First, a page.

Six years ago, Huntington, West Virginia, was already struggling to overcome decades of decline due to its waning coal and manufacturing industries when a spate of overdoses over a two-day period rocked the city and prompted city, business and community leaders to sound an alarm. They quickly began collaborating on a plan to move the city forward.
Today, their efforts are paying off. The city is experiencing a rebound in employment and residency that, with the aid of federal funding, will help drive sustainable growth.
“There’s a lot of excitement about what is to come, based on a few things — a solid plan for development and a strong partnership between the mayor, the president of the region’s major hospital system and the new president of Marshall University,” said Andy Bauer, the Richmond Fed’s regional executive for Maryland, Washington, D.C., and West Virginia. He visited the city August 29–30 with Richmond Fed President Tom Barkin and Community Development Manager Peter M. Dolkart as part of the Bank’s Community Conversations initiative.
Through this program, Richmond Fed leaders focus on a particular region and meet with small groups of stakeholders to learn about the local economy, the well-being of the communities in that region, and the opportunities and issues these towns and cities face. The Richmond Fed also explores ways to collaborate that may benefit these communities, including sharing insights gained from research and best practices learned from other communities in the Fifth District.
During their late August visit to Huntington, Bauer and Barkin met with business and community leaders who have forged key partnerships to create a new narrative for Huntington, including Mayor Stephen Williams, Marshall University President Brad Smith and Dr. Kevin Yingling, CEO of Mountain Health Network. The efforts of these leaders and others have brought fresh optimism to the city.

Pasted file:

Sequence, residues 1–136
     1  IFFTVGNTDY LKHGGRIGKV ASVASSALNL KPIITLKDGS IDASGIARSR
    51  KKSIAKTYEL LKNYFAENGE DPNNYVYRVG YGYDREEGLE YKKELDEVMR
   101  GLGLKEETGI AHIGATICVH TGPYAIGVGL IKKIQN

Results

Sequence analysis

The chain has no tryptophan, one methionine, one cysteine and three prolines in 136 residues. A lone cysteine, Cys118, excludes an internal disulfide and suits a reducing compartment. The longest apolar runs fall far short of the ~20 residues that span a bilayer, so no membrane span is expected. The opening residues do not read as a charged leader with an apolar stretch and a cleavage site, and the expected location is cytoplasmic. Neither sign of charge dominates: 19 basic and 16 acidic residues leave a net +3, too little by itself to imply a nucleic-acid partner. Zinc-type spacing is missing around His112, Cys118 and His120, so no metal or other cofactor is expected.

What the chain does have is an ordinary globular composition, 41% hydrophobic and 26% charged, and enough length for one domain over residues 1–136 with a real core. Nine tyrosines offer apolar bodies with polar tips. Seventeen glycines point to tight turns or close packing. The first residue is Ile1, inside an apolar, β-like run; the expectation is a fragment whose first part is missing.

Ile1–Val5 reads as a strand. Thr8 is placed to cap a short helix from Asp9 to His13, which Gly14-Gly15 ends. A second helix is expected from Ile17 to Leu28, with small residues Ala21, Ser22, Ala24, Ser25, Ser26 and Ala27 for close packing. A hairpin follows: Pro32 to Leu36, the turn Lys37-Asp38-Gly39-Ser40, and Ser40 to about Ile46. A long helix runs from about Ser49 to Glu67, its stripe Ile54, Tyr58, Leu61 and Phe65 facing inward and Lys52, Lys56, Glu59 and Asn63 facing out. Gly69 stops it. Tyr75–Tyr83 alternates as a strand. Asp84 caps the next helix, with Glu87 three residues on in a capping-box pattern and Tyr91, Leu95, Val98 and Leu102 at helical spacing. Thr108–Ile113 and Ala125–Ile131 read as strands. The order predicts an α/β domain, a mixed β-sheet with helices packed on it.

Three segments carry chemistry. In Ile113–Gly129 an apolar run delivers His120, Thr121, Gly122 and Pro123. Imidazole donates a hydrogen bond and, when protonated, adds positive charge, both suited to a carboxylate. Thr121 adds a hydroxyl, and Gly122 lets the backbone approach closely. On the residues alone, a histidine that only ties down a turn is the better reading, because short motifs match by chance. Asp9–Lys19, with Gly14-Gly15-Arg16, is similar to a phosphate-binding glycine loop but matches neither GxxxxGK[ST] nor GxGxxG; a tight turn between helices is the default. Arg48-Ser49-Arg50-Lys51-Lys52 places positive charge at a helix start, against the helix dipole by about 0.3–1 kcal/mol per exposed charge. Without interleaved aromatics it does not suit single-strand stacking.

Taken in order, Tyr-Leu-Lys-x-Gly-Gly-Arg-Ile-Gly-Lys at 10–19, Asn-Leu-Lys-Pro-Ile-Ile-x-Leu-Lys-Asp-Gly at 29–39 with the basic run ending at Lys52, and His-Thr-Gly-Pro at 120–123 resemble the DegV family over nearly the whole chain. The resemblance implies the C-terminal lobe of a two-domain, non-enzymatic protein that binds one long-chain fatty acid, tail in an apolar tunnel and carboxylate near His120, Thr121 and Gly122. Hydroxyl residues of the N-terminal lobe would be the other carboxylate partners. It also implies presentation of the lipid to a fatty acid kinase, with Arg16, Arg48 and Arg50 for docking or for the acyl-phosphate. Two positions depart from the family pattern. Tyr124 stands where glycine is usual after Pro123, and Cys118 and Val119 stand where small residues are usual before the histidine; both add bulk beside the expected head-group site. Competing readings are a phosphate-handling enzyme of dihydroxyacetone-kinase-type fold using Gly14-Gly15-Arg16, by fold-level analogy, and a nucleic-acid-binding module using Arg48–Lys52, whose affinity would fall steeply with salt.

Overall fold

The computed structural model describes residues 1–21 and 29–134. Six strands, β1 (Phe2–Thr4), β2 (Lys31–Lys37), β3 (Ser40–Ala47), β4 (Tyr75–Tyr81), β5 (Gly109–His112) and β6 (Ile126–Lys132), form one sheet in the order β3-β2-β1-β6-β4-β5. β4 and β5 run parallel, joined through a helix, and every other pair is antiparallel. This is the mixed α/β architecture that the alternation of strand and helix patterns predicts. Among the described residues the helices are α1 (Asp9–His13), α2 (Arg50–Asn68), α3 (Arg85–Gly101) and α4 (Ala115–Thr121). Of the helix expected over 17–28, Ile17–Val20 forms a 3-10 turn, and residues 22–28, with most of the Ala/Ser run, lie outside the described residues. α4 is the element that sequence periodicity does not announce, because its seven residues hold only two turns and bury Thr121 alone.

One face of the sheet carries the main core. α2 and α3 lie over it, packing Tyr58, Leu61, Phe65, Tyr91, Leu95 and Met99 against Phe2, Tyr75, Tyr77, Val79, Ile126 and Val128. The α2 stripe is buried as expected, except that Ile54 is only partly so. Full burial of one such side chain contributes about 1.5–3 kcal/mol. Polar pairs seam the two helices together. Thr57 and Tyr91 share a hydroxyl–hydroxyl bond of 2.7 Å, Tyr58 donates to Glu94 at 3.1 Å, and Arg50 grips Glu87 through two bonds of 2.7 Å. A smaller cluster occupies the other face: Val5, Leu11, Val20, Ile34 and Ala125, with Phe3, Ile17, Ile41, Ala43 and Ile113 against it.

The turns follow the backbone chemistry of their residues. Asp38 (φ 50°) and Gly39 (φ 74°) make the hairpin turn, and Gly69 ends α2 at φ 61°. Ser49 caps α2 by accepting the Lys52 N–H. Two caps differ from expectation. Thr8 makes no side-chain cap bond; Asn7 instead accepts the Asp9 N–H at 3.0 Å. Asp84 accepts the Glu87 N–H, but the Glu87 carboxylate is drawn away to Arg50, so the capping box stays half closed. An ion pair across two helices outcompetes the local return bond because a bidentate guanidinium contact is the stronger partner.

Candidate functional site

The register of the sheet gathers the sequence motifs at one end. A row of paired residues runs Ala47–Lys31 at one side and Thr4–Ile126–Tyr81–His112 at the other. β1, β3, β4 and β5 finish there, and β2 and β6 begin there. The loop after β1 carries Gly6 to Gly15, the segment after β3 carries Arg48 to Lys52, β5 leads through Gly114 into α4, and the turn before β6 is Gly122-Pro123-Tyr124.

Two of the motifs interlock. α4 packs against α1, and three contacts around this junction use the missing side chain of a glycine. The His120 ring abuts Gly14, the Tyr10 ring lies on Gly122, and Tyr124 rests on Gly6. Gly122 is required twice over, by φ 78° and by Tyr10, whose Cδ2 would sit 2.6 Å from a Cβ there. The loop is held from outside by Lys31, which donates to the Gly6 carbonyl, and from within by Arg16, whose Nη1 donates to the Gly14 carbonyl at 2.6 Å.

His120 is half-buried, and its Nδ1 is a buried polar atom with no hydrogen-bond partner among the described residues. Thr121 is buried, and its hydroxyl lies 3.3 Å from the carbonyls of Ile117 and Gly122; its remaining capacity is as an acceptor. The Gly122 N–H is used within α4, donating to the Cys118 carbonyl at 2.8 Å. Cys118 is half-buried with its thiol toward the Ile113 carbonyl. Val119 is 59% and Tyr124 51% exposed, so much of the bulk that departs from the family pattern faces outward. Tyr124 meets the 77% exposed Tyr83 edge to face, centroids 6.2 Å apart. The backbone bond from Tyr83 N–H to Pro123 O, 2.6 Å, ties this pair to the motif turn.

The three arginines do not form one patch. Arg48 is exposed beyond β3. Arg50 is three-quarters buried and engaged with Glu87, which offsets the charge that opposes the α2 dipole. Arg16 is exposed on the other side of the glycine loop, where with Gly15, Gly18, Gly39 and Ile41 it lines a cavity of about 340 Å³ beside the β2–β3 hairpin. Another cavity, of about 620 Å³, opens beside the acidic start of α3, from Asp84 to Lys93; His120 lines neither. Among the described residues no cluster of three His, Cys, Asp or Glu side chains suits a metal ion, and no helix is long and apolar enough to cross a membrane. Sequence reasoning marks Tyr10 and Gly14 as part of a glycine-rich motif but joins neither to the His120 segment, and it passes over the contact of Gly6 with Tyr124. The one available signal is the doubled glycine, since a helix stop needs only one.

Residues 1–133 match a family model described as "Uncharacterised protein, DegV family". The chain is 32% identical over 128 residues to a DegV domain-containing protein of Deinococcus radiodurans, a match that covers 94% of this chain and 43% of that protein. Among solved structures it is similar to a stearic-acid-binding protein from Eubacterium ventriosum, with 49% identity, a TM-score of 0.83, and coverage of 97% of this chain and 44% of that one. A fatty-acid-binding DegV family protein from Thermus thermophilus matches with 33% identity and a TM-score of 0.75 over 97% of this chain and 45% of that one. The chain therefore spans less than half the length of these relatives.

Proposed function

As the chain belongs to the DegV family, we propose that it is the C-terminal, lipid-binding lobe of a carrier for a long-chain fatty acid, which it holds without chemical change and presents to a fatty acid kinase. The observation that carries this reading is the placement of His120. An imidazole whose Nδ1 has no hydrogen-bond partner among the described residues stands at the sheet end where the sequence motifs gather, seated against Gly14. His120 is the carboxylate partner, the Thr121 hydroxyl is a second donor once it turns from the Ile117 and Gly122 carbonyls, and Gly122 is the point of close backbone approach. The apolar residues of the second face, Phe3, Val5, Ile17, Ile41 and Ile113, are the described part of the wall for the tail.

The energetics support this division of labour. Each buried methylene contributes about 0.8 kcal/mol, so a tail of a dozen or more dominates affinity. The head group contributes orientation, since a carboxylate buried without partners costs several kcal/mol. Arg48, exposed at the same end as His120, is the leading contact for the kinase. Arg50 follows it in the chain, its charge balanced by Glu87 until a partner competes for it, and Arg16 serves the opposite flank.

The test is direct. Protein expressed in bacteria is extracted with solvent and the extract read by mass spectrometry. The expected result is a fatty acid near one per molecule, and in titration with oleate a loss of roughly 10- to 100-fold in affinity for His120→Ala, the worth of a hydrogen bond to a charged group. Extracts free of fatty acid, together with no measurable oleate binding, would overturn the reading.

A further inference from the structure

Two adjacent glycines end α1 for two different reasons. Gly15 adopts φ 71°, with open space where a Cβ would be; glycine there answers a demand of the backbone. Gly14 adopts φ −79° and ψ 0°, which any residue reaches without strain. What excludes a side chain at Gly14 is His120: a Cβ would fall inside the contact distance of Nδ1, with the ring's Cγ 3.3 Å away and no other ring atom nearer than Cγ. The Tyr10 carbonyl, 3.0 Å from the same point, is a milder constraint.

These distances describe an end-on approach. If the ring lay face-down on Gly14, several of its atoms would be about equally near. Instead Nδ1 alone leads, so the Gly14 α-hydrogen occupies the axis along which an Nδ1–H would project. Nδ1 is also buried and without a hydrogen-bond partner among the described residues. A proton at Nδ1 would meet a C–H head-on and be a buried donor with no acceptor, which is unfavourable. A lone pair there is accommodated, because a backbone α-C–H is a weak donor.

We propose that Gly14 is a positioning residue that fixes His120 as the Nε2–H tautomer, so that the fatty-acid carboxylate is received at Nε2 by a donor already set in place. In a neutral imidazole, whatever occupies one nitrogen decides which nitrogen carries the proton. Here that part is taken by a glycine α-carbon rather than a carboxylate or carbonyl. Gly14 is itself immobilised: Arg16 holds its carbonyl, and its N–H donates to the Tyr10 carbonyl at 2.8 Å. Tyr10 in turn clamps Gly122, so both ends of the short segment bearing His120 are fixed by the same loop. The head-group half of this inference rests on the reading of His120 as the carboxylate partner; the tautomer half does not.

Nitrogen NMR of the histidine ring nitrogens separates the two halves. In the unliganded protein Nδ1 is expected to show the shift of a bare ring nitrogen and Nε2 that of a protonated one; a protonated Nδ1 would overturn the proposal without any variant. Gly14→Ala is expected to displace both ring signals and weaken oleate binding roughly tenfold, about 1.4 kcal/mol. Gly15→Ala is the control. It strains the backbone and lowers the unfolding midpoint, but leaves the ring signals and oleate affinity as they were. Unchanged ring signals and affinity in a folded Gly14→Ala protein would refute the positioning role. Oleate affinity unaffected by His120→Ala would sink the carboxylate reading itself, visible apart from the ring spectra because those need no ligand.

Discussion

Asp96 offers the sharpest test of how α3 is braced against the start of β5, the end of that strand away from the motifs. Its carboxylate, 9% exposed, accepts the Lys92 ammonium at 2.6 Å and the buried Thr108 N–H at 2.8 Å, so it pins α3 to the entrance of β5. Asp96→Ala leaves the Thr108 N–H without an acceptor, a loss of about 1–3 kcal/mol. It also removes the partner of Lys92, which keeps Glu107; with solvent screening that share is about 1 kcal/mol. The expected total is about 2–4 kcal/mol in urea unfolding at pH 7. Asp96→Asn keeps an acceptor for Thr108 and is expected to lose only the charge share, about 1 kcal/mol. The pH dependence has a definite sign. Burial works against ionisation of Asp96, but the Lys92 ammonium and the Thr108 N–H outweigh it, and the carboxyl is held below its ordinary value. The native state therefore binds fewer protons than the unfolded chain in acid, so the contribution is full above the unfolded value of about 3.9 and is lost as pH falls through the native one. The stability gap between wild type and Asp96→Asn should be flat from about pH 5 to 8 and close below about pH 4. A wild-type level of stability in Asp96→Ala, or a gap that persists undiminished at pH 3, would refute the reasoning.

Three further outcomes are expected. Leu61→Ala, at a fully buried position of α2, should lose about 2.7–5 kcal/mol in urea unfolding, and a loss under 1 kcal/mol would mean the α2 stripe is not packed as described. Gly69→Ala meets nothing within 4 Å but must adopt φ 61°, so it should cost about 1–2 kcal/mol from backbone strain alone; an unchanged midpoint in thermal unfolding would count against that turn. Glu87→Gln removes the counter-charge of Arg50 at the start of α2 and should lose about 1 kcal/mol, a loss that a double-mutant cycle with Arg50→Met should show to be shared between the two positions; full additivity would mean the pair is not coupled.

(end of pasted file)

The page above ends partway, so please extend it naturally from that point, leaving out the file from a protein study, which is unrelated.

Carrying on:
In 2017, Williams spearheaded a revitalization plan that won a national competition, bringing millions of dollars to the city to fund development. More recently, the city and Marshall University joined the ACT Now Coalition, which was one of 21 organizations selected as winners of the U.S. Economic Development Agency’s Build Back Better Regional Challenge — a competition that received more than 500 proposals. This federal program awards recipients for innovative and viable solutions to redevelop and re-energize small towns and rural communities.
“The shift away from coal toward renewable energy has been quite remarkable,” Bauer said. “Huntington is embracing solar and other technology in order to build a sustainable economy for the region. The city’s population is close to half of what it was at its peak; but the investment to date, its development plan — the Huntington Innovation Project — and future infrastructure projects have created a sense of excitement.”
Bauer also noted conversations with Yingling and others about the city’s efforts to improve health outcomes for residents, in particular on issues related to mental health and substance abuse.
A roundtable discussion with local business leaders revealed that like many rural communities across the Fifth District, employers in Huntington are struggling to combat supply chain issues and to find and keep workers.
Even so, the city’s robust economic development strategy is luring industries, including a new steel company that will open up a plant north of the city and hire about 800 people when completed, Bauer said.
Dolkart and Barkin also met with the community development organization that led the winning coalition for the Build Back Better Regional Challenge. The group’s work focuses on strengthening social enterprises, workforce development and rebuilding communities, with a goal of arming residents with employable skills while helping them gain resilience against life’s challenges.
“One of our takeaways was something they said in our meeting: ‘You can’t stabilize someone’s work life until you stabilize their personal life,’” Bauer said. “Another takeaway from the visit is something that we have seen in other communities that are having success: Leadership matters, cooperation matters, and because this exists in Huntington, there’s a lot of positive momentum. Things are moving in the right direction.”